1. May, 2017

Koha - a contribution

He maramara kōrero: Koha

The following note emerged from discussions held during a series of wānanga held at our marae. The writer was asked to put together some advice around a number of subjects, advice that could assist us in building our understanding of some of the tikanga and kawa that prevails within our society, and within our particular circumstances as we find them on our marae. This note is but one contribution to the learning for our whānau.

 Koha

When the word ‘koha’ is heard, seen or otherwise encountered, there seem to be many pictures seem to spring to mind. For some of us, it is that $10.00 or $20.00 that we put into an envelope when we go to a marae or other gathering place, whilst to others of us it is the time and effort we put towards a kaupapa. All of these things have merit and can be included in the heading, but for this particular note, I am going to focus on one particular aspect and one particular kaupapa – tangihanga and koha.

Our Marae?

For many of us, the marae is that place where we take our tūpāpaku back to so they can be buried with their tūpuna. We take them there because we hold the belief that it is our right to do so, it is our marae, our tūrangawaewae, and we have been told that nobody can stop us! Sadly this is not the case and in fact, like many things regarding our tikanga and kawa, it is a mistaken belief created by white anthropologists that has been repeated so often that it has gained validity and a ‘sense’ of truth.

The marae is a place that requires commitment and participation to succeed, it is not a holiday camp where we can just wander in and out as we like, and it is not somewhere that will always be there, regardless of time and space. The marae is also a place where mata kānohi or the “seen face” is paramount. It is through being seen and participating in the life ways of the marae, that rights and privileges are given, upheld and maintained. It is also through these things that honour and respect are given, from the people who remain to keep the ahi kā or home fires burning. Birthright only gives you a chance to participate, active support through the koha of resources, financially and physically, gives you a voice.

Professor Whatarangi Winiata once wrote in his report to the Commission on Social Policy (1988) that the marae is our principal home; that it should be well serviced and maintained, and thoroughly respected. Part of what he was referring to in regards to maintenance is the paepae and the kāuta, which are the front and the back. These two places are of utmost importance to our tikanga and kawa but are often sorely lacking due to the fact that they are thankless roles. Whānau travel to the marae to uphold these roles, often taking days out of their jobs and homes; they arrive to kitchens that have a lack of resources because others have ‘borrowed’ some of the resources and haven’t quite returned them yet, and they have hungry manuhiri who expect to have healthy, nutritious 5 star meals set in front of them, all for minimum or no cost to themselves – i.e. the aforementioned $10.00 or $20.00. And they expect this to carry on for the duration of the tangihanga and often beyond! There is no organization in the world that can sustain such attitudes. The majority of the funds that are received during tangihanga barely cover the costs of the food consumed, even when it is a small one, and often times, it is through the manaakitanga and generosity of the ahi kā (read skills of the people within the kāuta) and marae community that there is enough to go around!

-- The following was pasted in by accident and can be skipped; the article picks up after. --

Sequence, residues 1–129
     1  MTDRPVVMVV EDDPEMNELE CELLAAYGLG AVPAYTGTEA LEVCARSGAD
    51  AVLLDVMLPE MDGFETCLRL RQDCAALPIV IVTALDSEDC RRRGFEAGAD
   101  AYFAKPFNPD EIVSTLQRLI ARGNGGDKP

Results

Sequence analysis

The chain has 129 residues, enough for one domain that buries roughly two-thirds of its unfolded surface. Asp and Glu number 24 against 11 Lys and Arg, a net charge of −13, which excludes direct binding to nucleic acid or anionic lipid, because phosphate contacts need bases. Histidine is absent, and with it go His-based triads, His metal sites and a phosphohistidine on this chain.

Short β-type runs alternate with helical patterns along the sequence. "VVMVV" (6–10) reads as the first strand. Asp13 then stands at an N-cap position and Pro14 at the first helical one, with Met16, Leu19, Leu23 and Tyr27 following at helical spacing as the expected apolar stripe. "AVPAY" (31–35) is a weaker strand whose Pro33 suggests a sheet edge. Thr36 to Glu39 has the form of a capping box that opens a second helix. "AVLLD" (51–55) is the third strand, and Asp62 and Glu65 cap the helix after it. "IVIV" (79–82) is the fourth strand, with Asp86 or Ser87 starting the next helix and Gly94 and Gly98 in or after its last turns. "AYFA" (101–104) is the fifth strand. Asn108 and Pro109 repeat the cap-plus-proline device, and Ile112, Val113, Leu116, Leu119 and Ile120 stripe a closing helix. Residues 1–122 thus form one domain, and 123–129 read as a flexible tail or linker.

Koha as a reflection

Koha should reflect our expectations, and it should also reflect the mana that we, both individually and collectively, carry with us. If we are going to stay for but a brief time, i.e. a cup of tea and/or a bite to eat then leave, our koha will be less substantial than it would be if we were to remain. But it should also be reflective again of our mana and err on the side of generosity. If the situation is that we are going to stay, we need to think about what that may entail for all parties. Why are we staying? Are we there to provide support for the ‘front’ or the ‘back’? If so, all well and good, our koha can take that into consideration, still keeping in mind that our mana and honour is at stake both in how we perform and what we provide. If we are not helping out, then why are we staying? Is it to decorate the whare with our presence? Is it to warm a seat and await the next call from the kāuta? If so, then we need to reflect this in our koha … remember that even food needs to be prepared and cooked before it is set out on the table.

“Koha has strings”

One great thing to remember about koha is that it has strings attached. What this means is that it is a bilateral agreement between the donors and the receivers. For many of our marae, when koha is received, the amounts and whom they are from are recorded in books so that at a later time, the koha can be returned, with interest, back to the donors. Even the work that people provide both in the kāuta and on the paepae are reciprocated, and again, it is mana at stake. When things are not given the chance to be reciprocated, when the balance in ‘the ledger’ shows up ‘in the red’ so to speak, there is a need to balance the books and in fact a need to gain the upper hand so that mana is restored and everything is on an even keel again.

So next time you go to a marae or some such other gathering, think about your koha, think about what you are going to contribute and what it may be saying to those of the mana whenua in regards to how you see them, and how you are acknowledging their mana, and also how they may also see you, and yours, in the light of your contributions towards the kaupapa that has called you all together.

Ngā mihi ake ki a tātou katoa

Mike